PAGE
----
Which jobs are in demand in Norway

Jobs in Norway: emigrate and work

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Have you fallen in love with Norway, would you like to emigrate to Norway and work there? Then here is an overview of the advantages and disadvantages. Read about the requirements you need to meet in order to start a new life in Norway.

Overview:

  • Emigrating to Norway: advantages
  • Popular professions in Norway
  • Job search in Norway
  • Norwegian work culture
  • Jobs for students and interns
  • Working in Norway: challenges
  • The German community in Norway

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Why move to Norway for a job?

If you hear next to nothing in the news about a European country, then that is usually a good sign for job seekers and emigrants. In Norway, a little more than 5 million inhabitants are spread over an area of ​​more than 380,000 km².

So just right for everyone who wants to start a new life. But Norway has more to offer than unspoiled nature. Around 1.5 million people live in the greater Oslo area. Internationally active companies are primarily looking for workers here.

Your advantages when you work in Norway:

  • - Low taxes (around 30% including health insurance)
  • - 37.5 hour week
  • - Usually 45 working days of vacation per year
  • - Tax-free vacation pay
  • - Hourly wages over 20 euros
  • - German school in Oslo
  • - 3 months of unemployment benefit in Norway
  • - No residence permit required for EU citizens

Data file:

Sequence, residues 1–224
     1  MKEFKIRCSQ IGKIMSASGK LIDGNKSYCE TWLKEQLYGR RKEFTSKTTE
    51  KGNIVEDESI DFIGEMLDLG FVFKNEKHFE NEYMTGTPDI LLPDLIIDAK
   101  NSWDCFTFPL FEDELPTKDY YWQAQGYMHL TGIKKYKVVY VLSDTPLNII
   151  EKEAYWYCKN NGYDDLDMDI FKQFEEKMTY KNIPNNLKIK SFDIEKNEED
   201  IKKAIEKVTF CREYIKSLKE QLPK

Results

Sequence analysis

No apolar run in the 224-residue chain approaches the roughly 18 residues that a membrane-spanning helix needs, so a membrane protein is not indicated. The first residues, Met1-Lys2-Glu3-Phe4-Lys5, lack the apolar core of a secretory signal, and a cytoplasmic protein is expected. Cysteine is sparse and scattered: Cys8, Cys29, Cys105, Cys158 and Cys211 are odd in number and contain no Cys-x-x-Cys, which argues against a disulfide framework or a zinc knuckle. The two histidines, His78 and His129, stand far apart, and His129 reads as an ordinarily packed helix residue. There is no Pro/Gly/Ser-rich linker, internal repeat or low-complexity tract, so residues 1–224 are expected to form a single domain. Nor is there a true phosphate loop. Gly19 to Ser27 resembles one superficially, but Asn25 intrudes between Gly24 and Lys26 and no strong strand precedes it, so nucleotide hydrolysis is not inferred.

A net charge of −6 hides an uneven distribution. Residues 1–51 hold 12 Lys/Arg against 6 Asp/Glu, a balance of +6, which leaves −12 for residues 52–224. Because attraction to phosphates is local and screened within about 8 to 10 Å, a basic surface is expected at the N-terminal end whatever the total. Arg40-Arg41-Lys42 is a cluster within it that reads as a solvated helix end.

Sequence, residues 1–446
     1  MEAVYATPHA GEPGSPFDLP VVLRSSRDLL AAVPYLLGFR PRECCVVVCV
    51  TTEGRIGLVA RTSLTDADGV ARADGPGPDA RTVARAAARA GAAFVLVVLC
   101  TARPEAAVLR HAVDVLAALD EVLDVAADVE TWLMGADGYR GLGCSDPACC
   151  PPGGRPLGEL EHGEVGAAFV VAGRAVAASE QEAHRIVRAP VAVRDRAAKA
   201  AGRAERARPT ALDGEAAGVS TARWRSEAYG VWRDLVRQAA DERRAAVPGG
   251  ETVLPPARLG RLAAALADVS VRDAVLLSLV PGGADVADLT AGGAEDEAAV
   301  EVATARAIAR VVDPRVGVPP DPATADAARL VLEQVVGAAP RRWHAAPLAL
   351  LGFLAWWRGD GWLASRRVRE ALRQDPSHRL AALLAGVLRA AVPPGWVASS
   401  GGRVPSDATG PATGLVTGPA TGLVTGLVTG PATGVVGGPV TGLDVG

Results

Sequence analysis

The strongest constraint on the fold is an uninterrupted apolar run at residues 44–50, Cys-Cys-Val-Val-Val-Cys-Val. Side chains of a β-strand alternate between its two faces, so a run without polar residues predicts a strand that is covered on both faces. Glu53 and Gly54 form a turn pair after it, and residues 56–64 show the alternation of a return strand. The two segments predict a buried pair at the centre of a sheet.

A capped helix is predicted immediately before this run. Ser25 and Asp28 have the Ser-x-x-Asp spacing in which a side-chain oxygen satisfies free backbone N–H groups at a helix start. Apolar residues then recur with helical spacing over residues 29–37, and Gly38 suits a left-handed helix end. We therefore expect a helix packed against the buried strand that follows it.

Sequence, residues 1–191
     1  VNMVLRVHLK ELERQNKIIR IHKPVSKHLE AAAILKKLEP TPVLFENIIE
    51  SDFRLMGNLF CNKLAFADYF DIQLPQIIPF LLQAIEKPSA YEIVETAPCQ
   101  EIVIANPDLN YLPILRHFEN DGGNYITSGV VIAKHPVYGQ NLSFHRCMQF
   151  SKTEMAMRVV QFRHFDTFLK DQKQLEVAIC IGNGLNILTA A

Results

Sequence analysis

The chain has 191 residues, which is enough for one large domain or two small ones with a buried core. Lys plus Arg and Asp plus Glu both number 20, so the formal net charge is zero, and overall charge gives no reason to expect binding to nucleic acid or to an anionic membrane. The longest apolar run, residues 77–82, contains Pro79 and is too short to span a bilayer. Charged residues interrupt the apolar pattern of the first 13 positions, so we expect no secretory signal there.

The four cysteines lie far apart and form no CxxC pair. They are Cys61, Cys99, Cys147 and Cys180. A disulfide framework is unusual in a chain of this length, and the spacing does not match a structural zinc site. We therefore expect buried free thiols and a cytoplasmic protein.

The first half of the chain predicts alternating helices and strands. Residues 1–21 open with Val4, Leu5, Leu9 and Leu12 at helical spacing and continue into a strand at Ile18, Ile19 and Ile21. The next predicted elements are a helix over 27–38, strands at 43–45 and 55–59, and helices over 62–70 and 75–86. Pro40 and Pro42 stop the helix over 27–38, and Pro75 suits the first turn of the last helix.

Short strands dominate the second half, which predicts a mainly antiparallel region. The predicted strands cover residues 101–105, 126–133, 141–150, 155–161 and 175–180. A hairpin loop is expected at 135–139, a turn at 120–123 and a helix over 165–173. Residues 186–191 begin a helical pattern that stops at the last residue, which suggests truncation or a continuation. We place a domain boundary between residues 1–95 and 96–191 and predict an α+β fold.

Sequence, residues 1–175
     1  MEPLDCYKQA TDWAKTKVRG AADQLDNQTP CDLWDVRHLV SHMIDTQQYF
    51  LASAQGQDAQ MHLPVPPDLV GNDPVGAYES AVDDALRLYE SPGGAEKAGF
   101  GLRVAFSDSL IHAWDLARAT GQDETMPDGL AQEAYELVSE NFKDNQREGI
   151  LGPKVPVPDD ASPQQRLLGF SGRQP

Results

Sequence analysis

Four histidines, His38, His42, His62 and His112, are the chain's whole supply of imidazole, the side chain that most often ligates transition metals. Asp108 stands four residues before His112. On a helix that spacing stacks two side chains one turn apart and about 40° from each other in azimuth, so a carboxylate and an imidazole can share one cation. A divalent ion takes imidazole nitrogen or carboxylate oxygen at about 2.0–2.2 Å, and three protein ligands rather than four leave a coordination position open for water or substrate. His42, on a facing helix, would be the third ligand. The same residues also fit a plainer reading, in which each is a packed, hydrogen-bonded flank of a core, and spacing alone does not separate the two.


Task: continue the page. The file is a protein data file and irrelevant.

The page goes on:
Which professions are particularly popular in Norway?

Skilled workers are sought worldwide. In Norway, these are especially the manual trades in the fields of mechanics and metal. As an engineer, too, you have excellent chances of getting a well-paying job in Norway quickly. In addition, skilled trades are in demand in Norway: roofers, plumbers for gas, water and plumbing as well as mechanical engineers and CNC specialists. It usually doesn't matter whether you are employed by a company, work independently or perhaps even start a company yourself.

And the job offers in the catering industry make Norway interesting for cooks and bosses.

As in many other countries, with appropriate language skills, you can work well as a specialist or other medical staff in Norway.

If you are looking for adventure in Norway and are looking for a 'typical' Norwegian job, then you can also apply in the fishing industry, in agriculture or on an oil rig. These Norway jobs are only for real lovers!

Where can I find vacancies in Norway?

In addition to the usual job offers in Internet portals, you can also use the offers from special job sites and employment agencies. Make sure you get a serious offer and, if in doubt, get the experience of others before signing anything.

The Norwegian Labor and Welfare Organization (NAV) also offers a service for job seekers from abroad with the EURES Center. In addition, special job fairs for professions are regularly held in Norway or the country of Norway is represented at such fairs.